Published by Skyewaters

I blog about Hydrocephalus to give a voice to the millions (if not billions) of people around the world with this condition NOT disease.  As much as these experiences are unique to me and my family, I’m sure others have experienced it too.  My aim…to shine a light on it and raise awareness – simple and challenging at the same time but worth it!

11 Comments

  • Andy K.

    October 5, 2018 at 8:52 pm Reply

    Skyewaters,

    Well said with what you wrote :). I don’t have Hydrocephalus but I really like following you and reading your blogs :).

    • Skyewaters

      October 5, 2018 at 9:01 pm Reply

      Thank you!

      • Andy K.

        October 7, 2018 at 2:41 am Reply

        Your Welcome :).

  • Charity Farnham

    September 6, 2018 at 2:11 am Reply

    I Hydrocephalus since birth i have had 3 shunt placements before my first birthday i almost died from surgery from the last shunt u have this Doctor whose sister died of complications from Hydrocephalus and he thinks what ever happened to her will happen to me the shunt i have now doesn’t work it hasn’t worked in 42 year but it never gave me trouble God healed me from that what do i when that trys to talk me into surgery again

    • Skyewaters

      September 6, 2018 at 5:22 am Reply

      I would say Always be aware of the signs and symptoms and go with your gut feeling. If you’ve been “fine” without surgery all these years, then that’s great.

  • Norma Haggard

    September 4, 2018 at 7:50 pm Reply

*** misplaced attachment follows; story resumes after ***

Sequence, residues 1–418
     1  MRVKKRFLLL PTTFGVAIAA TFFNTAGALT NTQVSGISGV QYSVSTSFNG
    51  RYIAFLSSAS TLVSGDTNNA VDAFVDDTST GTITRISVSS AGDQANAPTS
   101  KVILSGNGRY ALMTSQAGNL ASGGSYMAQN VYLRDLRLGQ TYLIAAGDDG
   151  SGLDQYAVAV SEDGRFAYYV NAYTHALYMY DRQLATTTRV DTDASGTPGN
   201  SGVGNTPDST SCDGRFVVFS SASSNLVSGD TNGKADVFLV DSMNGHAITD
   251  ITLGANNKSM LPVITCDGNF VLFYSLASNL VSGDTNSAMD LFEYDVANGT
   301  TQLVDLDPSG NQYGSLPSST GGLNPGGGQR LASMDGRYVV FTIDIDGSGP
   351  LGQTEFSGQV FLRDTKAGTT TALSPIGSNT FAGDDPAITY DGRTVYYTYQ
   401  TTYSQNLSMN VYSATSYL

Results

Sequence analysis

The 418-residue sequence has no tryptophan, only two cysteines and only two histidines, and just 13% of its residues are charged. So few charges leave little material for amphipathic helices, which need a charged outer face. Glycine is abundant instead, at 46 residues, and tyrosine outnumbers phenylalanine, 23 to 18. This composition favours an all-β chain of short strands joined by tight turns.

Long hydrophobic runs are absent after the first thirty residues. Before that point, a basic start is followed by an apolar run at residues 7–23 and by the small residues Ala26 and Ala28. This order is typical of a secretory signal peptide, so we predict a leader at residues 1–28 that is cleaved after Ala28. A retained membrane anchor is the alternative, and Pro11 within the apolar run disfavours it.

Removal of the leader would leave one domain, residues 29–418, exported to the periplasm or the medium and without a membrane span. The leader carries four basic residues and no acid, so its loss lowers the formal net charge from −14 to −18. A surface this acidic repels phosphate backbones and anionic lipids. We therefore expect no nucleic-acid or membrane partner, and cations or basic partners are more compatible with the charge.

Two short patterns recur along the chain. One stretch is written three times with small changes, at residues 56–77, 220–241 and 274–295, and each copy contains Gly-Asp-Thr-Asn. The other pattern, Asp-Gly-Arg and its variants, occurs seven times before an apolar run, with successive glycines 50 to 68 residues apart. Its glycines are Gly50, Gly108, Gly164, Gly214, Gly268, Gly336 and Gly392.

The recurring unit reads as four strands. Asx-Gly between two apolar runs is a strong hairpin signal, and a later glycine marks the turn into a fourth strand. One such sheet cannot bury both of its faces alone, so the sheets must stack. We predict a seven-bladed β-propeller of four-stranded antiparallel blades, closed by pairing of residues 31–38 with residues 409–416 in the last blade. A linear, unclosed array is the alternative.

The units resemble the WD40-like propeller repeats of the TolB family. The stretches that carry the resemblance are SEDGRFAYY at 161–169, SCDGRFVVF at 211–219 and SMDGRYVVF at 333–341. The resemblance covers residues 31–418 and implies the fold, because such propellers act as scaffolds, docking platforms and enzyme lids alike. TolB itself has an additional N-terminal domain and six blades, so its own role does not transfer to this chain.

I recently have been denied a second opinion as an option because of my insurance. My neurosurgeon assigned to me hasn’t even met me in the two years I’ve had her. I see her NA. They bounce me around to a neurologist and optometrist. I have a collapsed ventricle. I just want conversation with a neurosurgeon. I am in pain. I have vertigo and nausea. It seems I’m not getting any help until it’s possibly too late. I’m fearful of the damage that is occurring to my brain. So, yes I would agree with you on this.

    • Skyewaters

      September 5, 2018 at 4:13 am Reply

      I know it’s frustrating and can feel like you’re fighting a losing battle but please don’t give up Norma. Your life is too important 💙

  • ruttpeter

    September 4, 2018 at 1:36 pm Reply

    Doctor’s will never take research and medical-assisting efforts to the level of finding surges! There are too many people involved in the accompanying work areas. If cures are found, the people involved in production of related “treatment” devices and medications involved in supposed “cure research would loose their jobs and income”—so they say.

    • Skyewaters

      September 5, 2018 at 4:11 am Reply

      Terrible way of looking at it but part of the reality I suppose.

  • Karl Rothko

    September 4, 2018 at 9:59 am Reply

    I have never ever been refused treatment, usually because Ive presented so obviously incredibly sick, and xrays have indicated that treatment is required. Only once was surgery scheduled but then canceled at the very last minute by the Senior Surgeon, who couldnt be sure of the outcome. That was 23 yrs ago. To this day, that decision has never been revisited and nor should it be. It is astonishing that a doctor would refuse treatment to a patient presenting with obvious symptoms, and confirmed by MRI or X-ray. However , you dont mess around with a shunt unless you absolutely have to and are sure of the outcome.

    • Skyewaters

      September 5, 2018 at 4:10 am Reply

      I’m glad you haven’t had that experience Karl. It’s not every doctor who does this and, not every person with Hydrocephalus will be able to relate to this post. However, it’s the ones who do and can who need this issue highlighted.